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Un messicano Ringraziamento

Megan Finneran | Saturday, December 3, 2011

I woke up on Nov. 24 at 7 a.m. to my mother throwing a pillow at me. This may seem like a normal Thanksgiving morning, but since I am abroad in Puebla, Mexico, it was anything but.

My mom arrived from Chicago on Wednesday afternoon to spend the Thanksgiving weekend together. We traded in the Macy’s Day Parade for a morning at my local hospital internship. As I had to tell my dad, this American holiday is largely ignored in nearly every other country in the world.

We spent Thanksgiving in the pediatrics unit, replacing our normal feast with deli turkey sandwiches for lunch and enchiladas with my host family for dinner. Luckily, the following day we experienced the real thing. Lisette Monterroso, our coordinator, had arranged a true Thanksgiving feast with the food cooked by us seventeen students. My mom and host mom spent the afternoon making stuffing and a turkey, communicating in something similar to a game of charades.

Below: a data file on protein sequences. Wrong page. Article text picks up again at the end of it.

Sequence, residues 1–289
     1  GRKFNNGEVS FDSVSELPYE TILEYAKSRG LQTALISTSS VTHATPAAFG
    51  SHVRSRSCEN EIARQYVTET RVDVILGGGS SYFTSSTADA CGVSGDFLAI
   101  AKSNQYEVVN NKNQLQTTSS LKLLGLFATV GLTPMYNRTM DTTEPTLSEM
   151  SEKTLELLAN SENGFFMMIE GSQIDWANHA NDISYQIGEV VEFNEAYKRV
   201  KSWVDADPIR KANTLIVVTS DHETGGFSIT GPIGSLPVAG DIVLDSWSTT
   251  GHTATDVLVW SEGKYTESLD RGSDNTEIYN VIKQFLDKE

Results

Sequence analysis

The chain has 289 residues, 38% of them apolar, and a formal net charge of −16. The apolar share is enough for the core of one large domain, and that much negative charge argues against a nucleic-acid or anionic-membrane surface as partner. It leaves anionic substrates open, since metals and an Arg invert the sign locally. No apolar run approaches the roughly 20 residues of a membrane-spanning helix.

We pulled the turkey out of the oven just as the cab arrived. As one boy walked in with a green bean casserole slipping through his hands and girls ran to the kitchen with pans of turkey juice dripping down their dresses, I envisioned the nightmarish holiday movies I have seen.

As we welcomed our guests, everything fell into place. Notre Dame junior Nathan Lin delivered a presentation about the meaning of Thanksgiving. He compared us to the pilgrims and our guests to the Native Americans who welcomed us with open arms.

Then of course, we ate. Everyone secretly walked an extra half-step faster to the line in fears that all the food would disappear. But somehow, plenty of food remained. Many of our Mexican guests had never experienced a Thanksgiving celebration before, and they all seemed to enjoy themselves.

As I walked out to the car surrounded by my Chicago mom and my Mexican parents, I realized I had a lot to be thankful for this year. I may have missed sneaking pieces of turkey behind my grandma’s back and not experienced the snow that often accompanies a Midwestern Thanksgiving, but I helped bring a special day to a country that otherwise would not have experienced it.